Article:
If Exporting Is Such a Good Deal, Why Isn’t Your Company Doing It?
During President Obama’s January 2012 State of the Union Address, the president discussed progress of the National Export Initiative. The program, begun in 2010, aims to double America’s exports by 2014. To help reach this goal, the Obama administration added 20 percent to the Commerce Department’s International Trade Administration budget, which now totals $540 million. The administration also increased the budget of the U.S. Export-Import Bank from $4 billion to $6 billion.
This is a commitment that is important to small businesses. Only about 8 percent of America’s 27.9 million small businesses export goods or services; and of those that export goods, 58 percent export to only one country.
The opportunity is clear. At the Nashville Chamber of Commerce Business Summit in March, former U.S. Deputy Commerce Secretary Dennis Hightower cited an impressive figure: for every $188,000 in exports, one new American job is created. The Commerce Department data from 2008 also show that one out of 20—or 6 million American jobs—depend on manufactured exports. Export-related jobs also pay an estimated 13 to 18 percent more than the U.S. average. This is important because it is estimated that 95 percent of the world purchasing market resides outside of these United States.
So why aren’t more small businesses exporting? I think it’s because they simply don’t know where to start. I recently attended the Gulf States Alliance 2012 Annual Export Conference in Biloxi, Mississippi, and learned more about the ins and outs of exporting than I had ever known. Presentations were made by several agencies, all geared toward making the leap to exporting as easy as possible. The presenters included representatives from the SBA’s Office of International Trade, the Commerce Department’s Commercial Service and Export Assistance Centers, and the Mississippi Development Authority. Consular officials from Canada and several Caribbean and Latin American countries also presented.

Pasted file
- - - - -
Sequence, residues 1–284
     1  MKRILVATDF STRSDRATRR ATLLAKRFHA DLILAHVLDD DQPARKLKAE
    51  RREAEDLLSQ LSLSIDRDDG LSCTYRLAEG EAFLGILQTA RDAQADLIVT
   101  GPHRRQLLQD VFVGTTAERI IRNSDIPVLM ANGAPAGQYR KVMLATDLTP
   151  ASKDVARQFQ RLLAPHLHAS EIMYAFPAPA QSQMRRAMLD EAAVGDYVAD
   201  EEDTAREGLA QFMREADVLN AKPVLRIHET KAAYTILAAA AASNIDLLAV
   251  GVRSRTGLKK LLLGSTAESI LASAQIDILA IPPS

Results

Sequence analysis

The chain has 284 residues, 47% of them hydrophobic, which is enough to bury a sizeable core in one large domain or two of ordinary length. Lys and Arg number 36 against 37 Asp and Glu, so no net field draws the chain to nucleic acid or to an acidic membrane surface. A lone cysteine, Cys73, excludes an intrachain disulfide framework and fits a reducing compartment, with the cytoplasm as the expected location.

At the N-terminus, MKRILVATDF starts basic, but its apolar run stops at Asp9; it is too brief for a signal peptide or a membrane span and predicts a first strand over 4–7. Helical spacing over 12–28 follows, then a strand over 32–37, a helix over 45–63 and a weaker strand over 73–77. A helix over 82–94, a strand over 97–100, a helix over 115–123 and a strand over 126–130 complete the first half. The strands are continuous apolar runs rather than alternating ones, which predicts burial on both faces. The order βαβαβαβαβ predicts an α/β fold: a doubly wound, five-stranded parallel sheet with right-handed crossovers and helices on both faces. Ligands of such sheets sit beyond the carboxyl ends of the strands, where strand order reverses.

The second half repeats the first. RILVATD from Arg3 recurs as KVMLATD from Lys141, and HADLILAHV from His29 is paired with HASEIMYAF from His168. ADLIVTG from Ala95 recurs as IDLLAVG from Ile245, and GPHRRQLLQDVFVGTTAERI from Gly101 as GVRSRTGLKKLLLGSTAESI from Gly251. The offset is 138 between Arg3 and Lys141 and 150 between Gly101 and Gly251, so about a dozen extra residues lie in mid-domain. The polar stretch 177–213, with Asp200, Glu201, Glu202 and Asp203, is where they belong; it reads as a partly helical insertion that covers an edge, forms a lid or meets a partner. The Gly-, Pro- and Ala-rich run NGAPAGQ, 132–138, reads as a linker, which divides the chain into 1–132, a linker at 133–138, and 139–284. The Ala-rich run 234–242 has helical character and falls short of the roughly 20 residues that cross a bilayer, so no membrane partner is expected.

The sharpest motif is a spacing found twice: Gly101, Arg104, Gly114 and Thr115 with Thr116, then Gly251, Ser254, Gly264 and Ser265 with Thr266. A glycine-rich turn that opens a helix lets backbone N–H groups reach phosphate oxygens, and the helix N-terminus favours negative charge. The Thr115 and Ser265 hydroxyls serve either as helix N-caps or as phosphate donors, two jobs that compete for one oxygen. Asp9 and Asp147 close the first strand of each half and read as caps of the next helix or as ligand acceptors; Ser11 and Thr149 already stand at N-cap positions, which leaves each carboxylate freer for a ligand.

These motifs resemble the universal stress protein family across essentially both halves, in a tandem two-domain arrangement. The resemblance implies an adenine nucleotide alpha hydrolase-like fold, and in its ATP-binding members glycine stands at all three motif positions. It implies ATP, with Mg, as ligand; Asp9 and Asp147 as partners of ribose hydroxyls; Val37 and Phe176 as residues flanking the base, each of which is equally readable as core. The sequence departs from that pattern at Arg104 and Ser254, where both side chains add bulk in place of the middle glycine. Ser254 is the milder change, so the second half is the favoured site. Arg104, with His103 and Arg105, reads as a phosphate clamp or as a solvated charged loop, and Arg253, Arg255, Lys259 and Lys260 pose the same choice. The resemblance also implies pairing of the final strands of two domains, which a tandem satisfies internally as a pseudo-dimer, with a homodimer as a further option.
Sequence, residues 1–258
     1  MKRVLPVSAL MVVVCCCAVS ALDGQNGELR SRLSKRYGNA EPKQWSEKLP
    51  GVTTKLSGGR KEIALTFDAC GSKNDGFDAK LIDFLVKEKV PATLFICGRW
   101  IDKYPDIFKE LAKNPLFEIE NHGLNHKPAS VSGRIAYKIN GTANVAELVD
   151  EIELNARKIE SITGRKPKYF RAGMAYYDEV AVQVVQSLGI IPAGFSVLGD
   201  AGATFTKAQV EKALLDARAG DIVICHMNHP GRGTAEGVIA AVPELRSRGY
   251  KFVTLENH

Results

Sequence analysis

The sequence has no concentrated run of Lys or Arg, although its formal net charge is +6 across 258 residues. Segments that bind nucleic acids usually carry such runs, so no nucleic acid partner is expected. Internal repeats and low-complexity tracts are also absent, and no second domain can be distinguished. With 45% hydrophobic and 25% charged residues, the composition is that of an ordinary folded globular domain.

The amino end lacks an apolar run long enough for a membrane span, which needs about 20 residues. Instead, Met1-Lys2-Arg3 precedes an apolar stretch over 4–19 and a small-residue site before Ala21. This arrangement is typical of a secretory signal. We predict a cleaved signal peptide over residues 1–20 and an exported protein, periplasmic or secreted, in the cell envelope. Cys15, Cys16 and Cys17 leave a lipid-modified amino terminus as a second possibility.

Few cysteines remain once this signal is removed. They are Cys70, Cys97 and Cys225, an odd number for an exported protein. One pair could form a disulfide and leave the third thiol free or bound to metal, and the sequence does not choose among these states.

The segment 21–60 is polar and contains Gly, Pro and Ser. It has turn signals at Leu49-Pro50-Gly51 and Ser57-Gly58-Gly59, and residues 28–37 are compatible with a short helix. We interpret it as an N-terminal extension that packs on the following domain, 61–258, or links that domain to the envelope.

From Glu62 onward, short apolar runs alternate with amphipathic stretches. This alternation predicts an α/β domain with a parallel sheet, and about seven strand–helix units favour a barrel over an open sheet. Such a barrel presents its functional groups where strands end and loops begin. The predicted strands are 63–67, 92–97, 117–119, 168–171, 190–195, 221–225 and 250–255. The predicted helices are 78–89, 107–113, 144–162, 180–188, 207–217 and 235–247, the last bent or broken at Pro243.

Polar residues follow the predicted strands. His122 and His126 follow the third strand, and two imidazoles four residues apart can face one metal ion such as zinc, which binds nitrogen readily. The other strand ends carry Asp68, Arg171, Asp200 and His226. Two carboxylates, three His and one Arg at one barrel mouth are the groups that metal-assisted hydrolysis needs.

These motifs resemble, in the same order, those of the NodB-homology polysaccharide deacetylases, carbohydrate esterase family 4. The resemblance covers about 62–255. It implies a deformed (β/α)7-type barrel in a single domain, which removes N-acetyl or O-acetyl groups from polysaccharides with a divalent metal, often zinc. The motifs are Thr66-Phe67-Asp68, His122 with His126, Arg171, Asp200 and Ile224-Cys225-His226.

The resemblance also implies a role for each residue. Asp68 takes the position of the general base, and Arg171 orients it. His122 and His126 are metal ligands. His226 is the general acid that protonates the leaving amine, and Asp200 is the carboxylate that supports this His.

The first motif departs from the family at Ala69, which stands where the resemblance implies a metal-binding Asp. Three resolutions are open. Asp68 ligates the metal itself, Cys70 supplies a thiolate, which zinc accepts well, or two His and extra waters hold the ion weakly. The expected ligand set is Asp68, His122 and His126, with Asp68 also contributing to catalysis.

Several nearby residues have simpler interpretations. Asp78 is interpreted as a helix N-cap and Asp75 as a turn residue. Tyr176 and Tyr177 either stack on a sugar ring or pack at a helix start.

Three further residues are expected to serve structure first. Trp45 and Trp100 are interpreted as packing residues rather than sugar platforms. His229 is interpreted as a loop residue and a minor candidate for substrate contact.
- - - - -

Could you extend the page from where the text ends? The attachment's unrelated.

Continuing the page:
I never knew that so much assistance is available for small businesses that are considering exporting.
So there you have it: Make some phone calls, send some emails, and make a plan to start increasing your company’s sales and profits by exporting. Here’s where to start:
• U.S. Department of Commerce, International Trade Administration
• U.S. Export Assistance Centers
• U.S. Commercial Service
• SBA Office of International Trade
• U.S. Export-Import Bank
• Small Business Exporters Association
—Mark Berson, Region IV Advocate
Mark Berson is the Office of Advocacy’s regional advocate for Alabama, Florida, Georgia, Kentucky, Mississippi, North Carolina, South Carolina, and Tennessee. He can be reached at email@example.com.
Thanks to the National Small Business Association, for export data and info.